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Low health spending left UK ‘vulnerable’ to Covid


By Jess Hacker
10 November 2021

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The UK spent significantly less on health per person in 2019 compared to other Western European countries, a new report has shown, which in turn left the country vulnerable to the Covid-19 pandemic.

The report, published by the Organisation for Economic Co-operation and Development (OECD), indicates that the UK spent around US$4,500 (£3,331.69) per capita in the year before the pandemic.

This compared to:

  • $5,274 (£3912.39) in France
  • $6,518 (£4835.22) in Germany
  • $7,138 (£5295.15) in the Netherlands
  • $10,948 (£8121.50) in the US.

However, the onset of the pandemic led to a ‘sharp increase’ in health spending, it found, with the average health spending to GDP ratio in the UK jumping from 10.2% in 2019 to 12.8% in 2020.

The authors noted there is a ‘clear positive association’ between health spending per capita and life expectancy, even when considering avoidable mortality.

It acknowledged, however, that the US stands as an outlier, with a ‘worse’ rate of avoidable death despite having spent more than the OECD average.

UK life expectancy and mental health worsening

The report also found that life expectancy in the UK reduced by one year during the pandemic, after stalling over the last decade.

One of the principal causes for the drop in life expectancy is rising levels of obesity and diabetes, it said.

However, more broadly, economic recessions and related austerity measures – such as those that followed the 2008 crisis – have been linked to deteriorating mental health and an increase in the number of deaths by suicide.

It warned that life expectancy should not be taken for granted, with better protection needed to prevent it from falling, particularly among older and at-risk groups.

Similarly, it found that prevalence of depression in the UK more than doubled during the pandemic, rising to 19% in 2020 and climbing to 21% in 2021.

Prevalence of anxiety or symptoms of anxiety rose from just over 20% to 50% as of 2020.

NHS entered pandemic in ‘vulnerable’ position

Responding to the report, Dr Jennifer Dixon, chief executive for the Health Foundation, said the UK entered the pandemic ‘in a vulnerable position’, both in terms of systemic weaknesses in the health care system and ‘poor’ underlying population health.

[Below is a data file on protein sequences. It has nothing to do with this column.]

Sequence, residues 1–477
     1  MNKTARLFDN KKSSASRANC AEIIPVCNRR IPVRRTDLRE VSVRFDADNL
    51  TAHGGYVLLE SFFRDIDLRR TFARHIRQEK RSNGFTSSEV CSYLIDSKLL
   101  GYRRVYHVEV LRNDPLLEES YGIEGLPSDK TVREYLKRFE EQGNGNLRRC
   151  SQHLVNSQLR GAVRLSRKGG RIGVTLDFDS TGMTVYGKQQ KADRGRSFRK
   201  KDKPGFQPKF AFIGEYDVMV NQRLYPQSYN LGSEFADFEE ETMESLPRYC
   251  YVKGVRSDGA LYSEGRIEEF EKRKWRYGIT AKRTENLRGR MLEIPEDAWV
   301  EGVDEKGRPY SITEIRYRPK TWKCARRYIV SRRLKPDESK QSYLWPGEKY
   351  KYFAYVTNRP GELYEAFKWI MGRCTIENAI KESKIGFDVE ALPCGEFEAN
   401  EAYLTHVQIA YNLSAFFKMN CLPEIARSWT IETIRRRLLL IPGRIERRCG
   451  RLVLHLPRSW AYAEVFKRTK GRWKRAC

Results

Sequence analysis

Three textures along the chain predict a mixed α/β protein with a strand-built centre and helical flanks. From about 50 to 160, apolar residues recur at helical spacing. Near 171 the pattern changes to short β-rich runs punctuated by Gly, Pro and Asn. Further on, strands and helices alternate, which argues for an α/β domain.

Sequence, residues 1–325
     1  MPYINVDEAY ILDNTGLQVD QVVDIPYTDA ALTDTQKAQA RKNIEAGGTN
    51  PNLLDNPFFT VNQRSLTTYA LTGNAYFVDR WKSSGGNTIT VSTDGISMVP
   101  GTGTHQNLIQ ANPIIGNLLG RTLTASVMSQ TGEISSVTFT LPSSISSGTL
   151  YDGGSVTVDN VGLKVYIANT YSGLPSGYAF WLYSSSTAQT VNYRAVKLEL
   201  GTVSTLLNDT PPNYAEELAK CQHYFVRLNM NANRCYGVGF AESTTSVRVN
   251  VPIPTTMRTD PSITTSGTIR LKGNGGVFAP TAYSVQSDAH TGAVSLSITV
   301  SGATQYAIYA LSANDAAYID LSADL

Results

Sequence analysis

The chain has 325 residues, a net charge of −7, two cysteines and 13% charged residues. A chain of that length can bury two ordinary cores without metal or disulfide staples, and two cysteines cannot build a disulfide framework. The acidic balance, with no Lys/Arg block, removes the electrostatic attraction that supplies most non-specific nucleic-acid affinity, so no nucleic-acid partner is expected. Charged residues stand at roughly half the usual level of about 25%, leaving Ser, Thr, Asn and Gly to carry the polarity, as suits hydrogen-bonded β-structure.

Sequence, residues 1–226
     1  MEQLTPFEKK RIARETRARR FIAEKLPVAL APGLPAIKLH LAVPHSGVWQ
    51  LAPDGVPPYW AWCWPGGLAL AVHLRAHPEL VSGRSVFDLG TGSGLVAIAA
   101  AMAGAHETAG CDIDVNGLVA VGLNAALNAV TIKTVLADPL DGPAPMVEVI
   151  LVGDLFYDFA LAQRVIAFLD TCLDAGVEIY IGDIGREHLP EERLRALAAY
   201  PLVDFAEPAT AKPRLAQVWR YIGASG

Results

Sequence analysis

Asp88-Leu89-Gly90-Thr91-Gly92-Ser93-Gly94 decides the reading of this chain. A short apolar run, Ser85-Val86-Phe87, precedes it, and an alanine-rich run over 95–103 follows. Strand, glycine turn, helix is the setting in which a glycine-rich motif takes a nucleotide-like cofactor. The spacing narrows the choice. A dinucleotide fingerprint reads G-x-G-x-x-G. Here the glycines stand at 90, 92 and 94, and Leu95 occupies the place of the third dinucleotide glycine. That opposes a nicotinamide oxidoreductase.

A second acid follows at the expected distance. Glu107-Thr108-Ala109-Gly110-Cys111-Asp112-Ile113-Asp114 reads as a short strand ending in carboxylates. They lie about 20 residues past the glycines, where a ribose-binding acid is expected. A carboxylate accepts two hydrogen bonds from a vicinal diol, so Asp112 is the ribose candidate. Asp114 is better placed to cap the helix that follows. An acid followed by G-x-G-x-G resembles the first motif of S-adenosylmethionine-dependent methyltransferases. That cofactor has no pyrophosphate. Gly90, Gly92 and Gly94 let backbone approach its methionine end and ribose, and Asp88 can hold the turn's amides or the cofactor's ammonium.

Commenting on the UK’s ‘significantly’ lower health spending per capita, she said: ‘Underinvestment in the NHS over many years has resulted in fewer doctors, nurses, beds and scanners relative to our European neighbours.’

This reduced the health and social care system’s resilience when facing the pandemic, and will also impact how quickly the services can recover.

Currently, the UK’s backlog for care stands at 5.7 million people.

‘Prior to the pandemic, the UK had experienced stalling life expectancy over the last decade. Covid-19 has highlighted the extent of poor underlying health in the UK, which contributed to the higher excess deaths we have seen during the pandemic compared to the rest of Europe,’ Dr Dixon said.

‘The Government must now ensure that it puts the nation’s health at the heart of the pandemic recovery. It has promised to level up the country but levelling up health must be central to its plans.’

Veena Raleigh, senior fellow at The King’s Fund said: ‘However, while the impact of the pandemic is still playing out, so far the UK compares poorly with other advanced nations. Excess deaths in the United Kingdom from January 2020 to June 2021 were higher than in most West European and high-income countries, behind only Spain, Portugal, Italy and the United States.’

She added: ‘Although health spending rose sharply in response to the pandemic, historically spending in the UK on health care services, staffing and infrastructure has been lower than in many comparable countries. As a result, the NHS is further on the back foot than most advanced health systems in coping with the pandemic’s legacy, which includes an exhausted workforce, a large and growing backlog of care and widening health inequalities.’

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